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Herpes Simplex Virus and Meniere's Disease


  • Jeffrey T. Vrabec MD

    Corresponding author
    1. Bobby R. Alford Department of Otorhinolaryngology and Communicative Sciences, Baylor College of Medicine, Houston, Texas, U.S.A.
    • Jeffrey T. Vrabec, MD, Baylor College of Medicine, 6550 Fannin, Suite 1727, Houston, TX 77030, U.S.A.
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  • Supported by NIH/NIDCD grant DC 004489.


Objective/Hypothesis This study was designed to investigate the hypothesis that Meniere's disease is associated with herpes simplex virus (HSV) reactivation in the vestibular ganglion.

Study Design Case control study.

Methods Vestibular ganglia were obtained from archival surgical pathology specimens from patients undergoing vestibular neurectomy for vertigo caused by Meniere's disease. All patients met criteria for classification as definite Meniere's disease according to American Academy of Otolaryngology/Head and Neck Surgery (AAO-HNS) criteria. Control specimens were obtained from willed body donors. Sections from each ganglion were studied for prevalence of viral DNA using a nested polymerase chain reaction designed to amplify the HSV DNA polymerase gene. Quantitative analysis determined the number of viral copies per standard unit of ganglionic DNA.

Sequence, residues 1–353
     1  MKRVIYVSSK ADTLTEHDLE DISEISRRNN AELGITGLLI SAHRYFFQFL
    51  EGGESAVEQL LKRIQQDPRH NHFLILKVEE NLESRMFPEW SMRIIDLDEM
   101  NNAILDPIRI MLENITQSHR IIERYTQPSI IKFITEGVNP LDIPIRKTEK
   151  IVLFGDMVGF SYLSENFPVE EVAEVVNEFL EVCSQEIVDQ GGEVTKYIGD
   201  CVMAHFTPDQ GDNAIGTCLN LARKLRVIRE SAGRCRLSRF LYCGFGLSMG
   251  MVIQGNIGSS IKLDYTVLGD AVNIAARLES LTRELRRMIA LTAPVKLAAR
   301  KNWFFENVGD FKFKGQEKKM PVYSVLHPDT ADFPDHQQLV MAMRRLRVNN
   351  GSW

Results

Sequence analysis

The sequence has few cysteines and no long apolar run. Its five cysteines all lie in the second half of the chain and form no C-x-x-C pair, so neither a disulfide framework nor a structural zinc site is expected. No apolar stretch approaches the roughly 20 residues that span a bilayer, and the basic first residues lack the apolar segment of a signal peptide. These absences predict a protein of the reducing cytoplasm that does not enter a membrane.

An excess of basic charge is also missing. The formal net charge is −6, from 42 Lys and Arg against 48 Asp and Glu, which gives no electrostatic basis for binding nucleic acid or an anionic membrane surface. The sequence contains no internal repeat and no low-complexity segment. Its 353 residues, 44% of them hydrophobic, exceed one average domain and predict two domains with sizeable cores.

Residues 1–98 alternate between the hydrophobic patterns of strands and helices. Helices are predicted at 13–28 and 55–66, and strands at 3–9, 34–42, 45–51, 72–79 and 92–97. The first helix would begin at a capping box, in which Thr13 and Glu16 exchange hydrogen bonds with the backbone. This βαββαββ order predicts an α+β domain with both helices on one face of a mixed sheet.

Results HSV DNA was more prevalent in paraffin embedded ganglia from patients with Meniere's disease (100%) than in fresh-frozen control ganglia (81%) (P = .02). Fixation and paraffin embedding substantially reduced recovery of HSV virus in selected control specimens. Quantitative analysis found no correlation between viral copy number in control ganglia processed frozen versus formalin fixed and paraffin embedded.

Conclusions HSV is more commonly isolated from vestibular ganglia of patients with Meniere's disease than the general population. The routine histologic preparation of formalin fixation and paraffin embedding significantly altered the quantity of virus detected though not in a predictable manner. The study provides supportive evidence for a viral etiology in Meniere's disease.